How can we balance environmental and economic concerns?by Mark Dooley / September 18, 2014 / Leave a comment
This piece is part of our special report on energy policy. To read the first piece in the series, click here. To read the second piece in the series, click here.
Energy policy isn’t easy. It requires government to steer a path through environmental priorities, energy security and job creation, and to do so under an intense media spotlight—“climate change,” “power blackouts” and “plant closure” all make for easy headlines. As we approach a general election, the obstacles in the government’s path are compounded by public attention turning towards the cost of energy for the British consumer.
Where is UK policy taking us? Are we still on a path to a renewable future or has the financial crisis supplied a pretext for revisiting the balance between environmental ethics and economic pragmatism? While the broad framework encouraging development of renewable power remains in place, a number of factors are exposing new renewables projects to a more stringent test of economic viability than has been applied over the last decade. The government is channelling the public mood by forcing capital costs of renewable technologies to meet subsidy levels that are declining over time, while simultaneously introducing competitive auctions to an industry accustomed to regulated subsidies.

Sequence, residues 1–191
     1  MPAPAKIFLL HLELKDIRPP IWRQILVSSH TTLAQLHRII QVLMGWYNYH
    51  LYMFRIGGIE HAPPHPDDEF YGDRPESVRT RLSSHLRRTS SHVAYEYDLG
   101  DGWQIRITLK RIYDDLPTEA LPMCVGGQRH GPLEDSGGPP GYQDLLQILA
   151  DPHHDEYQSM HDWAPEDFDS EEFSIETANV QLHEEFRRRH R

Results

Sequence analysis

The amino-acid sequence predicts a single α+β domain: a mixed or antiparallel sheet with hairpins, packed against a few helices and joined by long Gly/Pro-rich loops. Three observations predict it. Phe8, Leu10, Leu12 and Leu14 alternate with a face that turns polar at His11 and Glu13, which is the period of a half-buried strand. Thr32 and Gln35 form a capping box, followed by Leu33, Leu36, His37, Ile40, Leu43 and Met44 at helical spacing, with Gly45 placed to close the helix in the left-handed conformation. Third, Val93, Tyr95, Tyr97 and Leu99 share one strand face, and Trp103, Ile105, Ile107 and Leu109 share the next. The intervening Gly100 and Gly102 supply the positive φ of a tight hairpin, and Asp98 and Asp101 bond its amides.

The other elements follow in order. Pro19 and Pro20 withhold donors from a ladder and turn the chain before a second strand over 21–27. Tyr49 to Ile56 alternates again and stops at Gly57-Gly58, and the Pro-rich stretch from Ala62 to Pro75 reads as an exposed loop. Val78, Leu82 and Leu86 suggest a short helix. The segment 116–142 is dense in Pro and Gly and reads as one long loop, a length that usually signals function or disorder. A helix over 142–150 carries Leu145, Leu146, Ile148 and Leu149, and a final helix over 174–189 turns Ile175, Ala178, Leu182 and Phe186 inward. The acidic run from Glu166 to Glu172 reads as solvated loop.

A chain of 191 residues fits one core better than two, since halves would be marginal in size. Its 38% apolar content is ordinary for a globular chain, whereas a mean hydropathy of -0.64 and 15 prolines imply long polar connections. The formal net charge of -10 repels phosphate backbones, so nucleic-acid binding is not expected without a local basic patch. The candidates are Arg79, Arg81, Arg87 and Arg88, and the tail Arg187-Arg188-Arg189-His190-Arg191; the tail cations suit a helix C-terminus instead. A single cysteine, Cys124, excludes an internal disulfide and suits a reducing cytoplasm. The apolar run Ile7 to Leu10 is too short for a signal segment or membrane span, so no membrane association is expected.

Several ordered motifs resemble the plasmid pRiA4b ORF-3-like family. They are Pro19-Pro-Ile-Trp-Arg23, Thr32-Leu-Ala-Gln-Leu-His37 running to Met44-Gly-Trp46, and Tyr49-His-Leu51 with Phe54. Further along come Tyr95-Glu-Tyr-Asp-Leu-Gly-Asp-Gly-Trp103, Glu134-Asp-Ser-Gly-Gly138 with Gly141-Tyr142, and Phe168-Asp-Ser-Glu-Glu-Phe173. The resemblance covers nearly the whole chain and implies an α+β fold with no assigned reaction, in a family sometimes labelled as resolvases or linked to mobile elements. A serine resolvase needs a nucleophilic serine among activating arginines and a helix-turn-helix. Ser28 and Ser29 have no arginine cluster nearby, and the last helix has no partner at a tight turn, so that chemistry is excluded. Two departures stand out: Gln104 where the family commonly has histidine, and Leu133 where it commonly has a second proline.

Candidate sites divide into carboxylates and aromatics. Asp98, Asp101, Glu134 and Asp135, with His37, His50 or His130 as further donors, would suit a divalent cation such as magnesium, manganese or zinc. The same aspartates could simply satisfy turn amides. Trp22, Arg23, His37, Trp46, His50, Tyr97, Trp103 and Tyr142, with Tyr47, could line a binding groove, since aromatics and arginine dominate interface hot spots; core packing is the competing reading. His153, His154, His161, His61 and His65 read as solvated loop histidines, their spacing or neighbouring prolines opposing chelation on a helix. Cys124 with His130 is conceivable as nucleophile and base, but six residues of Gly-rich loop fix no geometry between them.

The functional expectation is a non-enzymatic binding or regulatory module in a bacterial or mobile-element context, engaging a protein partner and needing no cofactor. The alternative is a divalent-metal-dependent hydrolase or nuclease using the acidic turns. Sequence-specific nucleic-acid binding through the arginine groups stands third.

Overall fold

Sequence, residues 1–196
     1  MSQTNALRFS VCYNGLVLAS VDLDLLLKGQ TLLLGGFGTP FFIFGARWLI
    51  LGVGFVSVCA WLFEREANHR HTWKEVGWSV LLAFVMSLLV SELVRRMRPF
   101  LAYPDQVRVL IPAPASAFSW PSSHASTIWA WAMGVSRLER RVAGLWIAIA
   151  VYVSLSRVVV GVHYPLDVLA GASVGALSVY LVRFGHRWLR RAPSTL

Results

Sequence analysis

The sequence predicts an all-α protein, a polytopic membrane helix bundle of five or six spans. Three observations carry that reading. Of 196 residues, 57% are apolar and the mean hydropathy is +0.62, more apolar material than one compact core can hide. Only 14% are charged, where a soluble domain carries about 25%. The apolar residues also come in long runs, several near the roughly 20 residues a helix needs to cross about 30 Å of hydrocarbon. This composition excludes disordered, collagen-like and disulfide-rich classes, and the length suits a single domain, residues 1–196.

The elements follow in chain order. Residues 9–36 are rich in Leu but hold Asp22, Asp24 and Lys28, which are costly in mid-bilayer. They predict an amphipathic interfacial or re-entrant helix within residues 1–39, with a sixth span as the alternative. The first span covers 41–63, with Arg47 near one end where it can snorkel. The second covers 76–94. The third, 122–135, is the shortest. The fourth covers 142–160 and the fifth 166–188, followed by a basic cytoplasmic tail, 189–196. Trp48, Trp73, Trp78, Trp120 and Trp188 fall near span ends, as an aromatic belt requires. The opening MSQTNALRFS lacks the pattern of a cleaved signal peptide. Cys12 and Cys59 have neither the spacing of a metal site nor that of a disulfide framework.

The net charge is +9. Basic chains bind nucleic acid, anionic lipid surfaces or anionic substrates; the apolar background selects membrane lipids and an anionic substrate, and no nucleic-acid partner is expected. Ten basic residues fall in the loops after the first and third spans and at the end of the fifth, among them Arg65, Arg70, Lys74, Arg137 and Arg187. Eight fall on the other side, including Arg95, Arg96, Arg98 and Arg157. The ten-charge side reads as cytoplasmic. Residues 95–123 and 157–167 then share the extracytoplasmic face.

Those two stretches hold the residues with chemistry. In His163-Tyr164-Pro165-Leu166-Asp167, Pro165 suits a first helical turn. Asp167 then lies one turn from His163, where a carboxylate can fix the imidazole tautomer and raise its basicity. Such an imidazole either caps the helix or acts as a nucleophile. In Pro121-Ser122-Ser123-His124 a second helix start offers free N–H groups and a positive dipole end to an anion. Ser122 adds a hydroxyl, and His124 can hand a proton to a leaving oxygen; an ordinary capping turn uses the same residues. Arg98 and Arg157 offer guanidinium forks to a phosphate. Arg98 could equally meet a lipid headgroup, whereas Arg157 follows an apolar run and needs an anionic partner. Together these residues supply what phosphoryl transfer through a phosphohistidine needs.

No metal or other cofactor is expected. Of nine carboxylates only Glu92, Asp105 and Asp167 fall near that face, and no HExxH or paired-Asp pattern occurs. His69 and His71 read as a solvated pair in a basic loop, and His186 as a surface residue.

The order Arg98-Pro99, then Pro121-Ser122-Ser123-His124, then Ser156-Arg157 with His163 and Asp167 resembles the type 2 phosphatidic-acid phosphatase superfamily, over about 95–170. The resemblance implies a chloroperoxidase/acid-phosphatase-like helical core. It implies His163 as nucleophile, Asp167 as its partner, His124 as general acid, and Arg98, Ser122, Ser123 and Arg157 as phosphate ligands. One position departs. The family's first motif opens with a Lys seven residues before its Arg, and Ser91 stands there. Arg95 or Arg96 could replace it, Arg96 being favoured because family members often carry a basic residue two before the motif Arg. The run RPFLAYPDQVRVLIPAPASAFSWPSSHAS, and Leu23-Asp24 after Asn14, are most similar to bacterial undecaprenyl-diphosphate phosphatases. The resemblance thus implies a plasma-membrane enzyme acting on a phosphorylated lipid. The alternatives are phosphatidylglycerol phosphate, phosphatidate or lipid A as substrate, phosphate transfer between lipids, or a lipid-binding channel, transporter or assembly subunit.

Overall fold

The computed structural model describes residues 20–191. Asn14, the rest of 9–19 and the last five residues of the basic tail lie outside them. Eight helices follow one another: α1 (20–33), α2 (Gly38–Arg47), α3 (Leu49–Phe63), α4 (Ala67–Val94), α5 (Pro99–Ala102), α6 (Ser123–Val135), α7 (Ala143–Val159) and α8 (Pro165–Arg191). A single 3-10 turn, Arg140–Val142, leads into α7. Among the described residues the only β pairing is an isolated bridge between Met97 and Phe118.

Developers large and small are expressing their concern about these changes. This anxiety reflects the expense and effort they undertake to make a project ready for construction (or ready to tender for a government funding regime). These development costs range from several hundred thousand pounds for a solar park, up to £30m for a large offshore wind farm. Unsurprisingly, those developers who have already incurred such expense for a project, expecting a set level of government subsidy, are dismayed to learn that the recovery of their development costs now rests on the outcome of a relatively unknown competitive tender process.
If we take a step back, however, these grievances might be characterised as teething problems as the renewables market makes a necessary stride from infancy towards its teenage years. Certainly the impact of the new regime feels a little retrospective for those carrying legacy development costs (although strictly speaking it is certainly not retrospective), but perhaps it is reasonable to expect the government to find some kind of salve for this.